Scientists at the Washington University School of Medicine in St. Louis developed a two-pronged strategy involving immune cells that cleared metastasized breast cancer tumors in the bones of mice and prevented their recurrence.
Metastatic breast cancer, or stage IV breast cancer, is caused by the spread of cancer cells to other organs, such as the lungs, bones, brain, and liver. Around 30 percent of women diagnosed with early-stage breast cancer may later develop metastatic disease, according to data.
Chemotherapy, targeted therapies, hormone therapy, and immunotherapy are all used to treat breast cancer that has spread. In addition, doctors may employ surgery or radiation therapy to eliminate cancer cells. However, metastatic breast cancer can be difficult to adequately treat, and the majority of treatments just halt the disease’s growth.
Nevertheless, scientists from the Washington University School of Medicine in St. Louis may have discovered a new method to combat the disease using immune cells that have been supercharged.
Their research, which was published in Cancer Discovery on March 8th, discovered that when mice with metastatic breast cancer were given enhanced immune cells called T cells and macrophages, they eliminated tumor cells in the animals’ bones. In addition, the immune cells continued to eliminate returning cancer cells.
To conduct the study, the team administered a p38MAPK inhibitor and an immune treatment termed OX40 agonist, which binds and activates T cells, to mice with bone-metastasized breast cancer. At least eighty days after getting the medication, all the rodents were confirmed to be cancer-free and living. Unfortunately, just fifty percent of the mice survived 60 days after receiving one of the therapies.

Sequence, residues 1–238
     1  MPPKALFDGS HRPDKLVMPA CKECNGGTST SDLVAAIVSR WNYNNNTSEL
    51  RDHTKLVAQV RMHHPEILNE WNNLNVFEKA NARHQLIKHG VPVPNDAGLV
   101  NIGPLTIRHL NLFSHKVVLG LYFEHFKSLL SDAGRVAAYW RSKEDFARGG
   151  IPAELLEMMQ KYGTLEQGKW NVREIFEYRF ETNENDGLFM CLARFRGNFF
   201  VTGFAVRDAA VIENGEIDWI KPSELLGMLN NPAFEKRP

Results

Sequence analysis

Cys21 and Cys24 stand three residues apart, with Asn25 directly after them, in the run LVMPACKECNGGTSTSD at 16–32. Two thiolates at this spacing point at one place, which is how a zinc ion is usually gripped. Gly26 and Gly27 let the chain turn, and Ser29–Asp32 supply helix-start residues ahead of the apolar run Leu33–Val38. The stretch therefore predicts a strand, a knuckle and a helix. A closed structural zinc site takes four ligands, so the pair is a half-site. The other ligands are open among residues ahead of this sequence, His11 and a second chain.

Sheila A. Stewart, Ph.D., the Gerty Cori Professor of Cell Biology & Physiology, notes in a press release, “Approximately 70% of patients with metastatic breast cancer have bone-based malignancies. Our research suggests that we may be able to use two treatments — one to sensitize the myeloid tumor microenvironment to immunotherapy and another to activate T cells — to target these bone metastases in a way that eliminates the tumor, prevents cancer from returning, and prevents bone loss in the process.”
After receiving the combined treatment, Stewart states, “the mice appear to be immunized against cancer.” According to the study, the combination of p38i, anti-OX40, and cytotoxic T-cell engagement healed metastatic illness in mice and established long-lasting immunological memory.
In addition, the outcomes of the study prompt experts to ask if this two-pronged strategy might be effective in treating antigenic breast cancer. In light of these encouraging results, scientists aim to conduct clinical trials including this immune cell combination in patients with bone-metastatic breast cancer.